Sessions 6-8 of the Harbingers campaign took place in Dunwich. I always tell my players that story arcs are usually three to five sessions long, but it's actually quite rare they're only three--this one ended rather abruptly due to all the PCs dying in a shootout with hillbilly cannibals. These things happen.
Here are some notes on each session.
SESSION # 6
* As the recap implies, several of the PCs had been receiving strange dreams since the beginning of the campaign. I hadn't put them in the recaps since the other players didn't know about them, but now that they're all dead (the characters, not the players), it doesn't seem like secrecy is an issue. The Harbingers tended to receive dreams about a labyrinthine city full of geometrically absurd architecture. In some of the dreams, they took part in a strange theatrical production before a violent crowd of thousands on an island with jutting stone monoliths. Meanwhile, the non-Harbingers received dreams that all had to do with Dunwich and that contained imagery and cryptic hints that aided them in some way. To give this a mechanical effect, I let them draw from a deck of tarot-like cards that carried a minor pre-determined bonus to a skill or action that worked for just that session. Interestingly, none of the bonuses were ever actually used in the sessions, nor did these PCs discover who was sending them these dreams or why (as a director, I always find it fascinating and usually unpredictable to see which story threads are followed and which are neglected by the players) .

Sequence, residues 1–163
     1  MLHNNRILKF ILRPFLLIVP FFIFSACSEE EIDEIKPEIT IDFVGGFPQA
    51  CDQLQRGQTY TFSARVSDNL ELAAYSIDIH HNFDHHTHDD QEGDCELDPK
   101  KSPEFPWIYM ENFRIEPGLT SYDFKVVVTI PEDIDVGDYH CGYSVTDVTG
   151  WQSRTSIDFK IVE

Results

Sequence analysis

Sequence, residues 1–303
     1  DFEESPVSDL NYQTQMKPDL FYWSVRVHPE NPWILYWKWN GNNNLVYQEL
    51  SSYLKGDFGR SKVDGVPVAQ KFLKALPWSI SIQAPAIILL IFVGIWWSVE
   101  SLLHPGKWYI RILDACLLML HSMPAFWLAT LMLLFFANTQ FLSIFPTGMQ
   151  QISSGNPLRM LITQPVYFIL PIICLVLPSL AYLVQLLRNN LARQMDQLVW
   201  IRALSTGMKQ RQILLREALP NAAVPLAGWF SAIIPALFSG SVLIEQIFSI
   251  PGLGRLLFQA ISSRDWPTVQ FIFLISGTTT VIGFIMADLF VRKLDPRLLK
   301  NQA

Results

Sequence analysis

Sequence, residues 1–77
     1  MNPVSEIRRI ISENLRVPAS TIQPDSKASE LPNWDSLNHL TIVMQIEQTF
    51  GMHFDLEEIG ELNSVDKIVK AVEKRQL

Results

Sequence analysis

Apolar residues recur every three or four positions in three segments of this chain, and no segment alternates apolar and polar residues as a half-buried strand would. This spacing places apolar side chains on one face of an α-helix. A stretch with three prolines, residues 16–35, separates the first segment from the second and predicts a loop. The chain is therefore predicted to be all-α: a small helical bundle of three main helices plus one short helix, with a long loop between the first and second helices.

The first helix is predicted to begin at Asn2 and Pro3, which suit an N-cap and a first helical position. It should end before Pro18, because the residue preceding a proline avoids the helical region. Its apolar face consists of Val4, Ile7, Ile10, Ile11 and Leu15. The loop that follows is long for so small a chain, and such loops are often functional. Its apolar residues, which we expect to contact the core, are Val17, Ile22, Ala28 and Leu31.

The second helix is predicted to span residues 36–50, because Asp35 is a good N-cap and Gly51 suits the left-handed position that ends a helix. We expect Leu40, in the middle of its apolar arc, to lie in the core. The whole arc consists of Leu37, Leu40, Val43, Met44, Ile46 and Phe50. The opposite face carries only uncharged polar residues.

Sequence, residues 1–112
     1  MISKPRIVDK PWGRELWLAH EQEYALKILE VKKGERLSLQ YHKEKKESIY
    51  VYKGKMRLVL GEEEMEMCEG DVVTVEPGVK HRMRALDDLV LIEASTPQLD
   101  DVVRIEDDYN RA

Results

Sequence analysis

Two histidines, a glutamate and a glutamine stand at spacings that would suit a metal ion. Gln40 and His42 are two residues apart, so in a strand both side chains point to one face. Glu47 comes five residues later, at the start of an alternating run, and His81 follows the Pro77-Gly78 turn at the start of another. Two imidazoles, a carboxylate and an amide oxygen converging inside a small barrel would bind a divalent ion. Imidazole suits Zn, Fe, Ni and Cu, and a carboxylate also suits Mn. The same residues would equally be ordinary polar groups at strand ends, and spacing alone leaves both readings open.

* Whereas the first story arc (Aylesbury) had an ever-changing cast of PCs due to players coming in and out, this story arc settled down to a stable three: Scarlet Warren, Barnabus Gallowsong, and a new PC, Dr. Otto Konig (a life-saver, as there were some days I thought the campaign would have to be abandoned due to not enough players). Having a stable and predictable cast made for better story-telling and role-playing, and made my life as a director much easier. I had forgotten though, how a smaller number of PCs means that the story can progress much faster, as there's fewer opinions on what should be done, fewer character-driven side encounters, fewer people rolling dice and reporting results, and so forth. I had to scramble to keep up at some points and stay one step ahead of them.